EUK-189, a salen-manganese complex and superoxide dismutase/catalase mimetic, was administered subcutaneously (sc; 30 or 70 mg/kg) to mice at - 24, - 1, +1, or +6 h relative to whole-body cobalt-60 gamma irradiation (LD(90/30) dose), and survival was monitored for 30 days. Cell counts and cytokines in circulation were measured in sublethally irradiated mice treated with EUK-189. EUK-189 (70 mg/kg, - 24 h) enhanced 30-day survival with a dose reduction factor (DRF) of 1.15 (p = 0.047, 95% confidence limits: 1.053, 1.244). LD(50/30)s were 7.96 and 9.13 Gy for saline- and EUK-189-treated groups, respectively. Drug treatment was associated with elevations in numbers of total white blood cells, eosinophils, lymphocytes, and platelets in irradiated mice, compared to vehicle-injected, irradiated controls. EUK-189 did not stimulate production of any cytokine or chemokine tested.

 


Edited by Cosmicalstorm, 16 March 2015 - 05:42 AM.


#11 Kalliste

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Posted 16 March 2015 - 05:43 AM

Another one:

 

 

Significant In Vivo Anti-Inflammatory Activity of Pytren4Q-Mn a Superoxide Dismutase 2 (SOD2) Mimetic Scorpiand-Like Mn (II) Complex.
Abstract
BACKGROUND:

The clinical use of purified SOD enzymes has strong limitations due to their large molecular size, high production cost and immunogenicity. These limitations could be compensated by using instead synthetic SOD mimetic compounds of low molecular weight.

BACKGROUND/METHODOLOGY:

We have recently reported that two SOD mimetic compounds, the MnII complexes of the polyamines Pytren2Q and Pytren4Q, displayed high antioxidant activity in bacteria and yeast. Since frequently molecules with antioxidant properties or free-radical scavengers also have anti-inflammatory properties we have assessed the anti-inflammatory potential of Pytren2Q and Pytren4Q MnII complexes, in cultured macrophages and in a murine model of inflammation, by measuring the degree of protection they could provide against the cellular injury produced by lipopolisacharide, a bacterial endotoxin.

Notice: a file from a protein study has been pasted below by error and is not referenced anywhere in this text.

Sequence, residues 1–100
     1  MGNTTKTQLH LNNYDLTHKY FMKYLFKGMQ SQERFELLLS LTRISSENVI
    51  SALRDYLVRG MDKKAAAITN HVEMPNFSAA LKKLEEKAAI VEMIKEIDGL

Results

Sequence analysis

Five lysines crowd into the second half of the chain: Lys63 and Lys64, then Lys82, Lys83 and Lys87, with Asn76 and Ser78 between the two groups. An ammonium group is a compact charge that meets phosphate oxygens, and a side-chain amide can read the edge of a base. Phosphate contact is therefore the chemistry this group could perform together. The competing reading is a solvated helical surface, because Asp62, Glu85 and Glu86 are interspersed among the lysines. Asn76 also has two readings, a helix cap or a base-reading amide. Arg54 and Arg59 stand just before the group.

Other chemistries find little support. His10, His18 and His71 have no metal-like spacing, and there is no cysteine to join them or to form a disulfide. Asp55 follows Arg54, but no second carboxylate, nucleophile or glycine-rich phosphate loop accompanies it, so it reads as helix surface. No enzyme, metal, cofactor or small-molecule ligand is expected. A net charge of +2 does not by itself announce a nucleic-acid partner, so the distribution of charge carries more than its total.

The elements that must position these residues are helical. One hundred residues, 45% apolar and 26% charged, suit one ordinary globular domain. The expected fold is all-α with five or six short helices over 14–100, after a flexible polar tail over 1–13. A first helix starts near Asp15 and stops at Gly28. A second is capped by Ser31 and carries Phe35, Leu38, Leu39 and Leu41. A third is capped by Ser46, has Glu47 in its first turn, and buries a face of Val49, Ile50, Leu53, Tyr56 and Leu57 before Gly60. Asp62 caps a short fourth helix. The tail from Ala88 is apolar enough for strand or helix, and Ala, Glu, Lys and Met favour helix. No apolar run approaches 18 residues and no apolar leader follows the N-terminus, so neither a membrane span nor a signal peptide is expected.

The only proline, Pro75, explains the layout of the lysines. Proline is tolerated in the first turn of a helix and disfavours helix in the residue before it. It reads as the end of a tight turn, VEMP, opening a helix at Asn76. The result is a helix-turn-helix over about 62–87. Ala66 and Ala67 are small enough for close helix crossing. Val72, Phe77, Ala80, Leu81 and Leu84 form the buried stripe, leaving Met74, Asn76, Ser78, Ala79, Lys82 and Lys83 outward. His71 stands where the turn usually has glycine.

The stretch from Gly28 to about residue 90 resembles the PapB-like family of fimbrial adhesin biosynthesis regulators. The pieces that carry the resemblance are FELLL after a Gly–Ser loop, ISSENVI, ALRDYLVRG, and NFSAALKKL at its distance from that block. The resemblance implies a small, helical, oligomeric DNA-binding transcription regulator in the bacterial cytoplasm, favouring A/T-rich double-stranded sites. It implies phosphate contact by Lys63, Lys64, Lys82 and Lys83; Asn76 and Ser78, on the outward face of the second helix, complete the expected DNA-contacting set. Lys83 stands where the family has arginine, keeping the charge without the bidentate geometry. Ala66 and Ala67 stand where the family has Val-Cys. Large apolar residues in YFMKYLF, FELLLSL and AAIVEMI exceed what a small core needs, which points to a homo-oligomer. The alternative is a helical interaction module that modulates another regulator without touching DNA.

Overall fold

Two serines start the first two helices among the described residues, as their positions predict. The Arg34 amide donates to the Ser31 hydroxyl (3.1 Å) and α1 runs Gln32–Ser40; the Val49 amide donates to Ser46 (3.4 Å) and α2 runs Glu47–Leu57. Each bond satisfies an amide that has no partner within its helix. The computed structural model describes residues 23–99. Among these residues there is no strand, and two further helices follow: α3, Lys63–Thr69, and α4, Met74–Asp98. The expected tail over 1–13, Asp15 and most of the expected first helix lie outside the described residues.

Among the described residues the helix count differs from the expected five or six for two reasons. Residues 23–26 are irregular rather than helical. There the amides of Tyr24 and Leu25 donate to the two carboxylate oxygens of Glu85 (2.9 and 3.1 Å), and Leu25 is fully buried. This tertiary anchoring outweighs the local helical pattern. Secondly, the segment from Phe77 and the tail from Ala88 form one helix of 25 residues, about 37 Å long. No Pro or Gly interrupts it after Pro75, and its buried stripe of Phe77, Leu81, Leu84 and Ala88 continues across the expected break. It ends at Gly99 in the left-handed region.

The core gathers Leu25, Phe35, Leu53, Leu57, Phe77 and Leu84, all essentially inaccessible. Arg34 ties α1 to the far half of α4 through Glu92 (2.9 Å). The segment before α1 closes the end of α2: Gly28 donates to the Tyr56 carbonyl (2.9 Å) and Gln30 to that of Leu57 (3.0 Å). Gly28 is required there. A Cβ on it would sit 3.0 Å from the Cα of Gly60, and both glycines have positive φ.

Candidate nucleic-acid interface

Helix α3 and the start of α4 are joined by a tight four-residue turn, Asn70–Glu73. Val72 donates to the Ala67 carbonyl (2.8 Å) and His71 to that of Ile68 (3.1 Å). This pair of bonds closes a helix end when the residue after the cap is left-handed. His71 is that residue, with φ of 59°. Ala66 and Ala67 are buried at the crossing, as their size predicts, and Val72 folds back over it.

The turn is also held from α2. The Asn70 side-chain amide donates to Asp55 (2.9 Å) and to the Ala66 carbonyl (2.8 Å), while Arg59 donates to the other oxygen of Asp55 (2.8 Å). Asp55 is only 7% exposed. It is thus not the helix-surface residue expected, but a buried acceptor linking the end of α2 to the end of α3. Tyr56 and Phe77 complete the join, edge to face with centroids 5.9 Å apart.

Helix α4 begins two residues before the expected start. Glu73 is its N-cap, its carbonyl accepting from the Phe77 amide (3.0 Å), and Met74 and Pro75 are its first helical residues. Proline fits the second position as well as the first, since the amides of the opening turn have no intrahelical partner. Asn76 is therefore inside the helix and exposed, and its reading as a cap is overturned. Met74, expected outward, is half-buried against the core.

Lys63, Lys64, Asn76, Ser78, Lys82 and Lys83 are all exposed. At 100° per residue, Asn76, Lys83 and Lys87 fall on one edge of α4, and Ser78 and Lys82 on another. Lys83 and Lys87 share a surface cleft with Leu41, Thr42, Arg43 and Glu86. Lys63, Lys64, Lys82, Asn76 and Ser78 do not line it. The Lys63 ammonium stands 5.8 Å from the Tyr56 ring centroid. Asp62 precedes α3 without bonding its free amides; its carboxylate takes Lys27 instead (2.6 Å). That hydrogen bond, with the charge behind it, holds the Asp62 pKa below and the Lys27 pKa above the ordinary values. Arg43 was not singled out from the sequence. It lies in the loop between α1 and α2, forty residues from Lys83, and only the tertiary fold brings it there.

PRINCIPAL FINDINGS:

In this report we show that the MnII complex of Pytren4Q but not that of Pytren2Q effectively protected human cultured THP-1 macrophages and whole mice from the inflammatory effects produced by LPS. These results obtained with two molecules that are isomers highlight the importance of gathering experimental data from animal models of disease in assessing the potential of candidate molecules.

CONCLUSION/SIGNIFICANCE:

The effective anti-inflammatory activity of the MnII complex of Pytren4Q in addition to its low toxicity, water solubility and ease of production would suggest it is worth taking into consideration for future pharmacological studies.

http://www.ncbi.nlm....pubmed/25742129



#12 pone11

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Posted 16 March 2015 - 06:33 AM

Another one:

 

 

Significant In Vivo Anti-Inflammatory Activity of Pytren4Q-Mn a Superoxide Dismutase 2 (SOD2) Mimetic Scorpiand-Like Mn (II) Complex.
Abstract
BACKGROUND:

The clinical use of purified SOD enzymes has strong limitations due to their large molecular size, high production cost and immunogenicity. These limitations could be compensated by using instead synthetic SOD mimetic compounds of low molecular weight.

BACKGROUND/METHODOLOGY:

We have recently reported that two SOD mimetic compounds, the MnII complexes of the polyamines Pytren2Q and Pytren4Q, displayed high antioxidant activity in bacteria and yeast. Since frequently molecules with antioxidant properties or free-radical scavengers also have anti-inflammatory properties we have assessed the anti-inflammatory potential of Pytren2Q and Pytren4Q MnII complexes, in cultured macrophages and in a murine model of inflammation, by measuring the degree of protection they could provide against the cellular injury produced by lipopolisacharide, a bacterial endotoxin.

PRINCIPAL FINDINGS:

In this report we show that the MnII complex of Pytren4Q but not that of Pytren2Q effectively protected human cultured THP-1 macrophages and whole mice from the inflammatory effects produced by LPS. These results obtained with two molecules that are isomers highlight the importance of gathering experimental data from animal models of disease in assessing the potential of candidate molecules.